The changing climate is a concern to sustainable water resources. This study examined climate change impacts on river discharge seasonality in two West African river basins; the Niger river basin and the Hadejia-Jama’are Komadugu-Yobe Basin (HJKYB). The basins have their gauges located within Nigeria and cover the major climatic settings. Here, we set up and validated the hyper resolution global hydrological model PCR-GLOBWB for these rivers. Time series plots as well five performance evaluation metrics such as Kling–Gupta efficiency (KGE),); the ratio of RMSE-observations standard deviation (RSR); per cent bias (PBIAS); the Nash–Sutcliffe Efficiency criteria (NSE); and, the coefficient of determination (r2), were employed to verify the PCR-GLOBWB simulation capability. The validation results showed from satisfactory to very good on individual rivers as specified by PBIAS (−25 to 0.8), NSE (from 0.6 to 0.8), RSR (from 0.62 to 0.4), r2 (from 0.62 to 0.88), and KGE (from 0.69 to 0.88) respectively. The impact assessment was performed by driving the model with climate projections from five global climate models for the representative concentration pathways (RCPs) 4.5 and 8.5. We examined the median and range of expected changes in seasonal discharge in the far future (2070–2099). Our results show that the impacts of climate change cause a reduction in discharge volume at the beginning of the high flow period and an increase in discharge towards the ending of the high flow period relative to the historical period across the selected rivers. In the Niger river basin, at the Lokoja gauge, projected decreases added up to 512 m3/s under RCP 4.5 (June to July) and 3652 m3/s under RCP 8.5 (June to August). The three chosen gauges at the HJKYB also showed similar impacts. At the Gashua gauge, discharge volume increased by 371 m3/s (RCP8.5) and 191 m3/s (RCP4.5) from August to November. At the Bunga gauge, a reduction/increase of -91 m3/s/+84 m3/s (RCP 8.5) and -40 m3/s/+31 m3/s/(RCP 4.5) from June to July/August to October was simulated. While at the Wudil gauge, a reduction/increase in discharge volumes of −39/+133 m3/s (RCP8.5) and −40/133 m3/s (RCP 4.5) from June to August/September to December is projected. This decrease is explained by a delayed start of the rainy season. In all four rivers, projected river discharge seasonality is amplified under the high-end emission scenario (RCP8.5). This finding supports the potential advantages of reduced greenhouse gas emissions for the seasonal river discharge regime. Our study is anticipated to provide useful information to policymakers and river basin development authorities, leading to improved water management schemes within the context of changing climate and increasing need for agricultural expansion.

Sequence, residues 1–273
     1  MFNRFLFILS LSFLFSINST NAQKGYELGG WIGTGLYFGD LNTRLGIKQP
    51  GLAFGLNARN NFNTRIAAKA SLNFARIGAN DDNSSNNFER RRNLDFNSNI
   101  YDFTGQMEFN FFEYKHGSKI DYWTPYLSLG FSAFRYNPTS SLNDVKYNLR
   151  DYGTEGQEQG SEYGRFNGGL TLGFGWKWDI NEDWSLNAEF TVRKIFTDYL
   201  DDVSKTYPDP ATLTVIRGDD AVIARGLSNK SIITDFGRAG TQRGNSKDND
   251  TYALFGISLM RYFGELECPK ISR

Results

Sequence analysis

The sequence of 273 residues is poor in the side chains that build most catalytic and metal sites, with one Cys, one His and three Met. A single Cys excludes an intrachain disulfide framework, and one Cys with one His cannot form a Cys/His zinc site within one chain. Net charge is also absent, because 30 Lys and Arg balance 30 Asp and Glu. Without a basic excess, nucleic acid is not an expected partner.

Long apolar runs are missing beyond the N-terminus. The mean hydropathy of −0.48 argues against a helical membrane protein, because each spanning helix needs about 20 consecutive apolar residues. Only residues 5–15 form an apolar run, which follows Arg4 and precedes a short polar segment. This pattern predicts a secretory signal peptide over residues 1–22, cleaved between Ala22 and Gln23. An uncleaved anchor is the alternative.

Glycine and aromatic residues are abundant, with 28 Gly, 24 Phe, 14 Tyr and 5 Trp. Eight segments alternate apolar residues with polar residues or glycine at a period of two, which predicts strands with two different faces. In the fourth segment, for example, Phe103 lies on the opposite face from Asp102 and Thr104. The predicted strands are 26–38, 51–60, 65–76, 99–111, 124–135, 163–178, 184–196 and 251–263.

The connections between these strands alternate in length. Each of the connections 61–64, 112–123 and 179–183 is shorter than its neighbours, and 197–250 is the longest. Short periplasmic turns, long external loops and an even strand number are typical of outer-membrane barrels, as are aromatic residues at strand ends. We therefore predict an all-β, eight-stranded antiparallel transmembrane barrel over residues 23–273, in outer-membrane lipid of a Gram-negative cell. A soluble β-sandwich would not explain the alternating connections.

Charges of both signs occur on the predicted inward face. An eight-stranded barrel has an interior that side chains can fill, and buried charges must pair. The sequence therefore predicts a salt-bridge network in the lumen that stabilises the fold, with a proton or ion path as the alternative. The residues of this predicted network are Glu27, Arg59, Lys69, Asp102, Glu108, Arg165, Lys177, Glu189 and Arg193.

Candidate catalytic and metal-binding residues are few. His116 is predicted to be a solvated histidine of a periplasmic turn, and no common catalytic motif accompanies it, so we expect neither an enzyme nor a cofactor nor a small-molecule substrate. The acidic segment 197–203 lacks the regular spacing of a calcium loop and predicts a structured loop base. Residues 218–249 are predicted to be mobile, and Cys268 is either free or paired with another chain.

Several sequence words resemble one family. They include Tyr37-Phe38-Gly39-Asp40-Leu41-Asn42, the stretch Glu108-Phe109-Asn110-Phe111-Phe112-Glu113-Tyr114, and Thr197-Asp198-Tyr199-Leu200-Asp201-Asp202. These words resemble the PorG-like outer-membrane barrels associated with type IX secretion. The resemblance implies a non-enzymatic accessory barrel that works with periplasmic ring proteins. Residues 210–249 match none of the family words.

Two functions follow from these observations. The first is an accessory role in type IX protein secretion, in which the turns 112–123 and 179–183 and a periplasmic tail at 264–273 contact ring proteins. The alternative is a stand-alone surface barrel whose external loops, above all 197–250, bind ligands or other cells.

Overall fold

Part of the book: Weather Forecasting